Well done, Google, you've spooked me again with your creepy knowledge of my life.

Moving on, there's also the classic English usage desk references we've all had at some point in our lives. You know the one I'm talking about, it was probably a 5" x 8" or 6" x 9" trim size with a spiral binding? Yeah, that one. Usually they offer a section or chapter on citations that gives you all the flavors: MLA, Chicago, APA, AMA. These can be good initial sources; but just like I wouldn't buy a car from a catalog, I probably wouldn't take one of these "well-rounded" reference books as law. Remember, specialization is the key to accuracy.

Of course, it sometimes depends on your audience. I have been known to spend hours fine-tuning a biblography, only to find it was ultimately stetted by an author who preferred some obscure style manual. As a writer, you should always ask your editor/professor/client if there is a format they would prefer. Likewise, if you're an editor without a preference, ask your author if he/she has a preference. You may not think it matters to someone, but nobody likes to spend hours making changes that will ultimately be stetted.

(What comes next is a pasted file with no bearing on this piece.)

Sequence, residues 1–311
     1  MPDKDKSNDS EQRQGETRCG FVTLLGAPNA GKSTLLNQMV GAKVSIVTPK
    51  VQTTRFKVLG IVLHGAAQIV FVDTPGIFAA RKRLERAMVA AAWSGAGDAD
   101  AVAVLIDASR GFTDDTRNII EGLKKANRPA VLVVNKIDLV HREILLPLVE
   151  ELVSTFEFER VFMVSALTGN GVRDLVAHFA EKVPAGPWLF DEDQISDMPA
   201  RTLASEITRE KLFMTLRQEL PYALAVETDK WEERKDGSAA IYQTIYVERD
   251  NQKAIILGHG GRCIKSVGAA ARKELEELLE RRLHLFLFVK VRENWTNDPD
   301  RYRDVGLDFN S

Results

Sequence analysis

Me? I always have a preference, which is why I like it when others don't.

Wednesday, May 21, 2008

Webster is my boyfriend.

Don't feel unworthy if you look up the same word 200 times. Someday you may not have to look it up anymore, or maybe you always will. The goal of a copyeditor is not to be a perfect speller, but to know what words to look up. *

I remember when I first read this and thought, "Thank goodness. I am meant to be a copyeditor!"

I didn't read this bit of advice until I had been employed in publishing for nearly two years, frighteningly enough. But I clearly remember the wave of relief that washed over me when I realized that I was the luckiest person alive: I had the natural skills to succeed in my chosen career.

There is plenty you can learn about a job, especially when that job is copyediting or proofreading, but the instinct to look up a word you are unsure of is not a learned skill. You can't learn an instinct. You can hone an instinct . . . but, whatever. I'm getting picky. The point is, there are plenty of people who who see "non-symmetrical" printed somewhere and take that hyphen at face value. Me? That's something I actually looked up today while I was working. According to my trusty dictionary, that hyphen is incorrect.